Brian: I, on the other hand, choose to ignore the fact that our safeties are forced to undergo Katzenmoyerization upon matriculation, Herrmann's determination to confuse his own defense into submission, and Carr's decision to leave his nuts in a jar at home whenever he plays a road game and believe we're destined for a Weis-like run of greatness and the next 6 national championships.
Joey: Aren't we a nice triumvirate of Michigan fans?
Indeed. So there you go. That's us. And here we go:
Brian: Okay. Now to the not so sunny side of life. Michigan's D has been a lightning rod of criticism from the instant Dusty Magnum's field goal cleared the crossbar. The back seven is very green, but there's hope on the DL. The big question: is the defense going to control mobile quarterbacks?
Vijay: Okay, I'll run with this one.
Brian: Please do.
Vijay: Control, hell no, but they'll do a better job than they did last year. Last year we were simply a free meal. We will not swarm like some other teams may, but we should be able to contain a guy like Troy Smith enough that he has to make something else happen, too, to beat us. And the difference will be assignments. We had guys in the back 7 who were nowhere near where they should have been.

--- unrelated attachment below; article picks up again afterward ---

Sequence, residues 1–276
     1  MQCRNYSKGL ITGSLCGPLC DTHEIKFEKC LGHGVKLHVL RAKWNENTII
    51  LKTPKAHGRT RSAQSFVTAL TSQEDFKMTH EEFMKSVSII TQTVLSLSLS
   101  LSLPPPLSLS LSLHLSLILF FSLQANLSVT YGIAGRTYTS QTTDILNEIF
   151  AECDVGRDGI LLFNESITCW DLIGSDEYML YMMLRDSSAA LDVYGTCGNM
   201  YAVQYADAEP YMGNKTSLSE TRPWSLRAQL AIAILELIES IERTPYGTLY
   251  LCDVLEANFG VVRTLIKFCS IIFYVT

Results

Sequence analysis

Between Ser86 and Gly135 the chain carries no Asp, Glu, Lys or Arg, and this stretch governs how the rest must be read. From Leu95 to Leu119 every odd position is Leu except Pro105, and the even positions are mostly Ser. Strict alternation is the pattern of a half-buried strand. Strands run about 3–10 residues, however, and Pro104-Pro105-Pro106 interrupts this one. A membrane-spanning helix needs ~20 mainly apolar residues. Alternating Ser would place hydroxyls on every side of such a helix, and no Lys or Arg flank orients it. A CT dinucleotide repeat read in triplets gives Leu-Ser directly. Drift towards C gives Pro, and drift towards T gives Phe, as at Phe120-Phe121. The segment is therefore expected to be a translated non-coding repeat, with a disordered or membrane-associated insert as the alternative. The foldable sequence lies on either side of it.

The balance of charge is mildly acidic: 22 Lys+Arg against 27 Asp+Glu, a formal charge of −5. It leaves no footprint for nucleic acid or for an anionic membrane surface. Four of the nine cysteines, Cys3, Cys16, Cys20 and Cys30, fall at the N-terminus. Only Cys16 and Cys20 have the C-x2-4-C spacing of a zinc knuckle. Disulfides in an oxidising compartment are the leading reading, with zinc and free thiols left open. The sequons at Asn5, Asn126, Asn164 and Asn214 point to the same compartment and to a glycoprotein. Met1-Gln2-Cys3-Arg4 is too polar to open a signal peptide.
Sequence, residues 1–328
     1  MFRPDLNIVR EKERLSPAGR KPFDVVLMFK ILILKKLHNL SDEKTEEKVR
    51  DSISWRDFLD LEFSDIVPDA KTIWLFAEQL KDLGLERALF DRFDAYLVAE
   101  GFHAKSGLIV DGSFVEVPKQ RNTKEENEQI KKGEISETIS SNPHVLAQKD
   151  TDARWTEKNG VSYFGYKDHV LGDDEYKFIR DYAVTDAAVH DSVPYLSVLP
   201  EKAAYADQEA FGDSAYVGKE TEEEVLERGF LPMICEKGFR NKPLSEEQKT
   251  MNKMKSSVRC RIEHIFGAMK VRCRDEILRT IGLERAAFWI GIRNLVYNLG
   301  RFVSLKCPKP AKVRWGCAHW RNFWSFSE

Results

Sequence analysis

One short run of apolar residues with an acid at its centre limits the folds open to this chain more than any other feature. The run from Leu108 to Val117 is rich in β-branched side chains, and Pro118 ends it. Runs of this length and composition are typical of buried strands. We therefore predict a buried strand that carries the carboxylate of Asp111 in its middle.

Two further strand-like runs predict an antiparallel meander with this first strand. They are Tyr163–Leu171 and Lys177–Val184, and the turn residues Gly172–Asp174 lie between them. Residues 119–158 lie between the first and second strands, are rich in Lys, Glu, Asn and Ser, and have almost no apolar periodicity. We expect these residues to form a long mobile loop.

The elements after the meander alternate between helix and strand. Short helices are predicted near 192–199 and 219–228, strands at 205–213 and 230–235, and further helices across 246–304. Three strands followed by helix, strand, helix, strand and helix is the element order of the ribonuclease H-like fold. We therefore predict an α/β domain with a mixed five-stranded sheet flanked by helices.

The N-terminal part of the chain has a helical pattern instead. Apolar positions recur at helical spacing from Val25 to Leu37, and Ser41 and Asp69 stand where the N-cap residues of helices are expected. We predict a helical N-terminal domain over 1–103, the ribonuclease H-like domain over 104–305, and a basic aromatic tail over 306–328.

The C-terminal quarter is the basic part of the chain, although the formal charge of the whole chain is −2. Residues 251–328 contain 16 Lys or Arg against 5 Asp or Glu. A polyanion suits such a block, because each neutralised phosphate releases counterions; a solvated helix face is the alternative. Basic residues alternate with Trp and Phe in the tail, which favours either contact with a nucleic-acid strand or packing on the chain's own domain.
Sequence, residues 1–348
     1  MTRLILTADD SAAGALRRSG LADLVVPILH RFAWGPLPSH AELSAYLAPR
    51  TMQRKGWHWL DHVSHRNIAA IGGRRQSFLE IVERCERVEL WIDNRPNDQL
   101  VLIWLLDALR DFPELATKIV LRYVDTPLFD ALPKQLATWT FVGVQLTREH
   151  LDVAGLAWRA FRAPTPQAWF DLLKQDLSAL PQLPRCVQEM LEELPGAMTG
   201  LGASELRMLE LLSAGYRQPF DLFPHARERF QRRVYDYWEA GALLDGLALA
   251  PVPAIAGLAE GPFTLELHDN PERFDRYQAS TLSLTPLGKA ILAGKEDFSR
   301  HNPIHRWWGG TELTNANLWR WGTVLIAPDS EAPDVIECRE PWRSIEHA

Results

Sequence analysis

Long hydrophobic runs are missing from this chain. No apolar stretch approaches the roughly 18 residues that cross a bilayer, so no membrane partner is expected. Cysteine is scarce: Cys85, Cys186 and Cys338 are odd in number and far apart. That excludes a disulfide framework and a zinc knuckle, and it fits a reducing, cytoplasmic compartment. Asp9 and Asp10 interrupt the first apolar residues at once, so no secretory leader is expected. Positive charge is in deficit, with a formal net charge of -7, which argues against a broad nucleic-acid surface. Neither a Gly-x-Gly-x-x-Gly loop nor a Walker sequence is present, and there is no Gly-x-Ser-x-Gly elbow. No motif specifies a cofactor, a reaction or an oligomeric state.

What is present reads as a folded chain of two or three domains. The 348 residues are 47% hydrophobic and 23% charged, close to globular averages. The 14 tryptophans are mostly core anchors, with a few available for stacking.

Joey: Against mobile QBs, I'd like to see the d-line do a better job of defining the workable space.
Vijay: Joey, elaborate please
Joey: It would be nice if a QB couldn't evade the containment and instead was forced back toward defenders.